MEMORIES OF THE WAY WE WERE

Fourteen albums from forty years ago (1973). They really do not make them like this anymore.


The problem is they release far too many records nowadays, most of which are tediously unoriginal and will sink without trace. They will certainly not be remembered in forty years time. Back in 73, the cost of releasing albums was so high that there were far fewer releases than there are nowadays. And when a major band or a bright new talent released an album it was a big thing.

Also, as culture was nowhere near as segregated as it is today, a wide section of society would at least know about the release of big album even if they would never buy it themselves. My grandmother, in her late seventies at the time, would have known the names of most of the entertainers on this list just as I knew the names of most of the acts that she would have enjoyed when she was my age. This was probably due to the fact that we only had a couple of pop music playing radio stations in England at that time.

Of course, rock 'n' roll was a commodity back then just as it is now. The thing is that most musicians themselves didn't view it that way. If you had told Bryan Ferry that he would be playing the Sage concert hall in Newcastle in 2013 and would be charging his ageing fans £65 for a ticket, arrogant as he was back then, I think he would have cringed at the thought of such a sell-out to the man. Heck, we even had free music festivals back then.

I realise that I will be looking back through rose tinted spectacles, as I realise that there was some real crap released back in 1973. However, I would still challenge anyone to come up with a list of just ten records from last year that will be in the record collections of the teenagers of 2053.

Oh, and 1973 was also the year that The Rocky Horror Show was born. Need I say More?

Comments

MEMORIES OF THE WAY WE WERE — 6 Comments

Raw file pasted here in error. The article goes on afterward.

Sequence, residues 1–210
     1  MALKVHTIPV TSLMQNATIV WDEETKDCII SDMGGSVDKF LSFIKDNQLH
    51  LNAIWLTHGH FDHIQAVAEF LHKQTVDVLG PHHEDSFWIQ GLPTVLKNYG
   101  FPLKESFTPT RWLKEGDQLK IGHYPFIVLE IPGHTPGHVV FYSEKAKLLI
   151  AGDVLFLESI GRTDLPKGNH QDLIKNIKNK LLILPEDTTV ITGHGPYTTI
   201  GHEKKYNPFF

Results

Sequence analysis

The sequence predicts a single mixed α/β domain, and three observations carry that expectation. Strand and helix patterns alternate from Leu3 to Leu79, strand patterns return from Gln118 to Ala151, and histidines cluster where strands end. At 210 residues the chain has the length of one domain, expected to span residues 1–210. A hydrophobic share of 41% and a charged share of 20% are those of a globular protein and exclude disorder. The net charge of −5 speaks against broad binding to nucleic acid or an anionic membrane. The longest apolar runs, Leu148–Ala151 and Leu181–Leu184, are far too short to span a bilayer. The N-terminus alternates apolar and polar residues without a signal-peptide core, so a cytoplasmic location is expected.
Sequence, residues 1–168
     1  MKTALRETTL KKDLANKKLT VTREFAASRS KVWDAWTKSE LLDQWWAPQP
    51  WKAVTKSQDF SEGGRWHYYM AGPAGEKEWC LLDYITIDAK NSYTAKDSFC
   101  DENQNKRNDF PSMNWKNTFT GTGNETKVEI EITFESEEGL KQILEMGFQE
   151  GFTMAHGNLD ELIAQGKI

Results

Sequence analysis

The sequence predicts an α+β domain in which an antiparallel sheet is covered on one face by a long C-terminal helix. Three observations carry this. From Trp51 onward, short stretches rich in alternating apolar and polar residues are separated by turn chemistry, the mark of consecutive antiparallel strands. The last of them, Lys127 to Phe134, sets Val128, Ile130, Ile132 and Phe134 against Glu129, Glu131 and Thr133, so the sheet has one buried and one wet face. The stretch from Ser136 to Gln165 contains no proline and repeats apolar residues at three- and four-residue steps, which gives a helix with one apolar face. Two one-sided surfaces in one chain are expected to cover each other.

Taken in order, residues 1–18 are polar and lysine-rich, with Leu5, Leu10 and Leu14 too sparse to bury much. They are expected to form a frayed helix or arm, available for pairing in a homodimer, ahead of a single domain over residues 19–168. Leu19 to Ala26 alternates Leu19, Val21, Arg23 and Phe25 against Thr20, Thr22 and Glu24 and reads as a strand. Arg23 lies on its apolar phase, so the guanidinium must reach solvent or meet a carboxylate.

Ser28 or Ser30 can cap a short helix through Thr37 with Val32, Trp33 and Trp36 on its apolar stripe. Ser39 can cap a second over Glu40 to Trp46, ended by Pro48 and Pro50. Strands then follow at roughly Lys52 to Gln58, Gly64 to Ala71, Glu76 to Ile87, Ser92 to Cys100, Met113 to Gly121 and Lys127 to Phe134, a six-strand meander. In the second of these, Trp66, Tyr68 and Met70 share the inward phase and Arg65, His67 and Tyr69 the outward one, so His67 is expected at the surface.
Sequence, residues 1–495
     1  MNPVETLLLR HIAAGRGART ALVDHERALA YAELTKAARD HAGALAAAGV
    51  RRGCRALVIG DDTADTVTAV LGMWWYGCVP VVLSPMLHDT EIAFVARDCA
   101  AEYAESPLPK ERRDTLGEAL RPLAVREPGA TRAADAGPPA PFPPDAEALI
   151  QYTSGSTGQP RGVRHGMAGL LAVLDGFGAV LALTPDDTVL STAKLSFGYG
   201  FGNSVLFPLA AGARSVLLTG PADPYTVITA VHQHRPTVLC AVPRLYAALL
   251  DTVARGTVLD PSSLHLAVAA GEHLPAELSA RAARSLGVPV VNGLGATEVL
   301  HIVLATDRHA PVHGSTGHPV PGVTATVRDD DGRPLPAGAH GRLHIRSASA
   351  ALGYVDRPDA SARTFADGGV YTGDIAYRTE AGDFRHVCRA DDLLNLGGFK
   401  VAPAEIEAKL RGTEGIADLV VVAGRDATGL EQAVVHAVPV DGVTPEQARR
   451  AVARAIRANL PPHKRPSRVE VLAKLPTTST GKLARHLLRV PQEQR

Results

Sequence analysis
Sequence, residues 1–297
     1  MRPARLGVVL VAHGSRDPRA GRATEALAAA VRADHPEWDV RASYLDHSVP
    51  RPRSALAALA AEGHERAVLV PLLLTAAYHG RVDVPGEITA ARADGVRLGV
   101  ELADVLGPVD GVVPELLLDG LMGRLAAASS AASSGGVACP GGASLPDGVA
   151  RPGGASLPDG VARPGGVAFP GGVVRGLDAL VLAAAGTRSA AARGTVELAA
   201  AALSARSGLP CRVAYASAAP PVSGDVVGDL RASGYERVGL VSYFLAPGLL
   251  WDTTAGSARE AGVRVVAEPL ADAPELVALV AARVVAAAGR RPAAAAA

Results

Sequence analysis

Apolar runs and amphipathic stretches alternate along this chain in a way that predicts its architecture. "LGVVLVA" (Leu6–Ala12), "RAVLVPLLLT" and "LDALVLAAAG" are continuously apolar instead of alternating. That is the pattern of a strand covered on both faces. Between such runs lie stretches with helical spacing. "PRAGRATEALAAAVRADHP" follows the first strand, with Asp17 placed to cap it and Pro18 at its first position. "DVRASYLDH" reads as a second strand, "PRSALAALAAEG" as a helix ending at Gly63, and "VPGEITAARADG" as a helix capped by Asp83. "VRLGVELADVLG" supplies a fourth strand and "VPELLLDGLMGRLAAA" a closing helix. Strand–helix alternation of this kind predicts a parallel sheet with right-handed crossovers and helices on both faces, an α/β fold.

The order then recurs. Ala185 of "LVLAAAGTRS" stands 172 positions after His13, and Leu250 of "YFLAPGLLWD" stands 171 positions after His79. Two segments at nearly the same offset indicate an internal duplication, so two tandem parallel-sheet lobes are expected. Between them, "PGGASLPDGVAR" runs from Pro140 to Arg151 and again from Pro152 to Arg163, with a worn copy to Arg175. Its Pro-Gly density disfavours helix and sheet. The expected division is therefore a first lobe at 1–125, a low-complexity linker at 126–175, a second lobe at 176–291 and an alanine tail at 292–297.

1. I switched over to Jazz in the early 60’s. Because of that I have little to no knowledge of the music of Pink Floyd, the Who, David Bowie, etc. I’m familiar with the Beatles and the Stones because when I was in the Navy in the latter 60’s they were hard to avoid. Wings, of course was one of Paul McCartney’s post-Beatle iterrations, but sometimes I find it hard to separate the two.

    Stevie Wonder had some cross-over into jazz, but for the most part I see the rest as “who?”

    I’m sorry MP, but it’s a generational thing I guess.

    BTW, that picture: those are the ugliest looking women I’ve ever seen… Huh?, Excuse me. … What’s that you say? … They’re cross dressing? Oh…

    Never mind.

  2. I’m curious, as to what this list is? Is it top-selling albums of ’73, or your personal faves, or?

    I don’t recognize “Solid Air – John Martyn”, but of the rest, there are some very good albums there. [Though the only one I think I owned at the time was “Band on the Run”]. A number of the artists listed, I wouldn’t really discover for some years—but my musical tastes at age 11 were pretty limited!

  3. I was there but at 13 I didn’t have any money. I had Band on the Run and Dark Side of the Moon. I had a friend who had Tubular Bells. Some of the others I had to wait until later albumns. Pinups was my first Bowie. Stevie Wonder’s Fullfillingness’ First Finale wasn’t big in Oz but it was a great albumn. Hotel California, Rastaman Vibration I owned. I preferred Elton John to the Rolling Stones. But they were great times. I don’t know if there is more variety with the music my teenage children listen to. I know one thing, they won’t listen to any of this stuff.

  4. Joesph:
    The ABC should take seriously the idea that the church needs less of what it’s already got and a lot more of what it hasn’t got.